So simply shaking it off is not really a practical avenue for us. At least, not all at once. This is compounded by the fact that we also keep ourselves stuck in traumatized states. We tell ourselves reinforcing stories, like “I shouldn’t have been there” or “I deserved it.” This type of shaking and trembling is best for stuck shock trauma that comes from a freeze state. I haven’t found it all that useful for returning sympathetic energy, like for someone who is coming out of a stuck shutdown state. Instead of shaking it off, that person needs to welcome it.
Regardless of all this, human beings do nevertheless shake off their frozen energy. It’s called crying. At least, it could look like crying. We can definitely do the polar bear type of shaking like in the video, but we typically don't. (I consider that more of a "pure" or first level form of trauma releasing.) Like I said at the outset, crying is “an aspect of emotional releasing.” But it’s not just emotionally releasing something, there is an autonomic shift happening. Stuck freeze energy is discharging.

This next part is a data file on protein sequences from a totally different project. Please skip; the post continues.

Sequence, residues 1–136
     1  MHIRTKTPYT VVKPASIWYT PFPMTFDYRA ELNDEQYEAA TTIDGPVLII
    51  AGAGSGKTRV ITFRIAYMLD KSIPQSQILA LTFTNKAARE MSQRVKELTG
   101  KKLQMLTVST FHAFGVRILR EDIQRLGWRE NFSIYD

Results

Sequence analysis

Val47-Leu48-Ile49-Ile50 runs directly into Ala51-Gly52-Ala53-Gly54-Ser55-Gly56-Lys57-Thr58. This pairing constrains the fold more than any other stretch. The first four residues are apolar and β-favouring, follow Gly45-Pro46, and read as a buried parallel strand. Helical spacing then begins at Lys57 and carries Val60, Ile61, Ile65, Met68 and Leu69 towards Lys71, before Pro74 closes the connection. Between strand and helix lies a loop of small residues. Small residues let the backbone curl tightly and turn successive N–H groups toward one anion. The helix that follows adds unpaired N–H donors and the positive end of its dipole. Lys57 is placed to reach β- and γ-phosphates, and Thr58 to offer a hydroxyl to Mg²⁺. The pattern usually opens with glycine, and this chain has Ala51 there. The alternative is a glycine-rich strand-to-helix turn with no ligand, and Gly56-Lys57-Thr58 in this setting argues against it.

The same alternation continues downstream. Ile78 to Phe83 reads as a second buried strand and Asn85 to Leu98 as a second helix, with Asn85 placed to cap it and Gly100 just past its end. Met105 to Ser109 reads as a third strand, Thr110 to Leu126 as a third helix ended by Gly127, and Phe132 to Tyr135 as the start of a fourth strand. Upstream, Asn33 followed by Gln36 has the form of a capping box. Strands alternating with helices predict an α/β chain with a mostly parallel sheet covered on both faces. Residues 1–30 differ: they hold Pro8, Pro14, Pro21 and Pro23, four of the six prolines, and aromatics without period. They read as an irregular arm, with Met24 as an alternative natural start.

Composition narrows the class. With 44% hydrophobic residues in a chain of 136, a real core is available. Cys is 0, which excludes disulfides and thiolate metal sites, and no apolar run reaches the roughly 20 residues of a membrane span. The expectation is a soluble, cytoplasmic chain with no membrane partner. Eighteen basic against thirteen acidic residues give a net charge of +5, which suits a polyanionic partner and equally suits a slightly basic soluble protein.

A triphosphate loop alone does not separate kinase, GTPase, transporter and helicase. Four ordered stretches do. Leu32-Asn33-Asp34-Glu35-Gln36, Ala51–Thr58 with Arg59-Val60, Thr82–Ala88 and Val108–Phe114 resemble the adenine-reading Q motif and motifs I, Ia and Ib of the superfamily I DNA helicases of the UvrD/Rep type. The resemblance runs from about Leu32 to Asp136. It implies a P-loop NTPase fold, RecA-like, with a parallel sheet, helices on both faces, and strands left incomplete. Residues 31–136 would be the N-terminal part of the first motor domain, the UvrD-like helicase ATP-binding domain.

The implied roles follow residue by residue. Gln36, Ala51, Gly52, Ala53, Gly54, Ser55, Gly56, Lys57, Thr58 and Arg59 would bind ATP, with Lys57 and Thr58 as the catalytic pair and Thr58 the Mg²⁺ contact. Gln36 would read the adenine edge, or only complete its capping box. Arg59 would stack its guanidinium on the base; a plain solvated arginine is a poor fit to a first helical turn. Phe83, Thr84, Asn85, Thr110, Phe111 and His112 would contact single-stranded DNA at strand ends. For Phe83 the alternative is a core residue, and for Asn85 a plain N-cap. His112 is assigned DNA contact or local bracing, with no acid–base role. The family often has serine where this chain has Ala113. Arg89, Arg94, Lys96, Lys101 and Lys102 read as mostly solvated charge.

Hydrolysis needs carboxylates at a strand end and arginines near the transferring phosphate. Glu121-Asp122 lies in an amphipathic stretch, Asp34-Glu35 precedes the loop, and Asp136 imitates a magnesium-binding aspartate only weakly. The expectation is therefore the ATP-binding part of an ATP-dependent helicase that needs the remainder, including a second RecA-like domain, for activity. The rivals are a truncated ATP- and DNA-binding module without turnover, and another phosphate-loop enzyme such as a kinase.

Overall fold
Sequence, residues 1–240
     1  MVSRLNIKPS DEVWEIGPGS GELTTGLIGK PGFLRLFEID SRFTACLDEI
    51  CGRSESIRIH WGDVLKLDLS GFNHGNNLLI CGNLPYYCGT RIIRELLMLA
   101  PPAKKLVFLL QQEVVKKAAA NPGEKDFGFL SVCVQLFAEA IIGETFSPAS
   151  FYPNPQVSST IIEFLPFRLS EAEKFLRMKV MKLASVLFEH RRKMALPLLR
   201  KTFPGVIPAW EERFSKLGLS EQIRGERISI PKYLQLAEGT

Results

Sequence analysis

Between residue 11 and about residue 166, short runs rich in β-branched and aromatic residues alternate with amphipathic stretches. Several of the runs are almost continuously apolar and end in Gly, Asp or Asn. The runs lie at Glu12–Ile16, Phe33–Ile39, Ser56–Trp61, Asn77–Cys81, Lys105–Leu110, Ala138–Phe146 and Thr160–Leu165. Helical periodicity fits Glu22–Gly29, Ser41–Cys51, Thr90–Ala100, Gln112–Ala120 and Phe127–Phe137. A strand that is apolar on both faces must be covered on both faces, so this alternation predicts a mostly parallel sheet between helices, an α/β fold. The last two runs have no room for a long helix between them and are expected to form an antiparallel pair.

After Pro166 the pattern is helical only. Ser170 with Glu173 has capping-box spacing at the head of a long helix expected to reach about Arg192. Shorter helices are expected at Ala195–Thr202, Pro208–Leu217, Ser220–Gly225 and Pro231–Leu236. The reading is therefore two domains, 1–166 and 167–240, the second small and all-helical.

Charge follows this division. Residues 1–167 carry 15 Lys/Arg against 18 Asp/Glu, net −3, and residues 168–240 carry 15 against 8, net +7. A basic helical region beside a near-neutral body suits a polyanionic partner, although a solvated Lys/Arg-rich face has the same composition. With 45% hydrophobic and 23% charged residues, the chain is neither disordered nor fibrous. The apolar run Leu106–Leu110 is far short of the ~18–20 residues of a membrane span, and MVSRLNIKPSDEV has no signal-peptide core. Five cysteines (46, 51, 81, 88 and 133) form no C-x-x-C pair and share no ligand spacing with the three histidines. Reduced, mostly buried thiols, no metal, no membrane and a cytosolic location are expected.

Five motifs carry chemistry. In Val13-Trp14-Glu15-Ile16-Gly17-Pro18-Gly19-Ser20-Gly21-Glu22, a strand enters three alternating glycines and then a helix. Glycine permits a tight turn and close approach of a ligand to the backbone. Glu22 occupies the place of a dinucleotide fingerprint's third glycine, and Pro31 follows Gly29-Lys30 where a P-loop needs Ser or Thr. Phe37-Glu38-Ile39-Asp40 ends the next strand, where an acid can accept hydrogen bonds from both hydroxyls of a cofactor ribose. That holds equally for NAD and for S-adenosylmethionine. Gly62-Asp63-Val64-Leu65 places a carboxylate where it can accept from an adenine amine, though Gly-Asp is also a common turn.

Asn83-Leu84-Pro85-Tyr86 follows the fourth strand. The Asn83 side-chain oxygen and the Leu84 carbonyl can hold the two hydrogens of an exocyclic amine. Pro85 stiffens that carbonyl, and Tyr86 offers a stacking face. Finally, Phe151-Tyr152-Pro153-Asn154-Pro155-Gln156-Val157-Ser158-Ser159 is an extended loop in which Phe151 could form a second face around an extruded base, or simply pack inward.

Think about it - when humans cry, we go through physiological shifts, just like the polar bear in the above video. Breathing spontaneously changes, from heavier to lighter. There is a tensing of our muscles and often full-body heaves. We tighten and constrict. Fluid discharges from our eyes. Our awareness goes from highly constricted and narrow to fuller. And we may even have an impulse to connect with another during or after a cry. Really, we shake and tremble. It’s a full-body releasing of stuck frozen energy.
If done successfully.
If you can successfully cry, then it eventually stops. Eventually, there is an ease in breathing and a return to being grounded in the present moment. I often see my therapy clients do some crying and then shift into laughter as their autonomic nervous system climbs into a state of safety and social engagement. For the person grieving in sadness, it turns into appreciation and a pleasant memory comes to their mind. Crying is a normal and maybe even necessary part of this autonomic shift.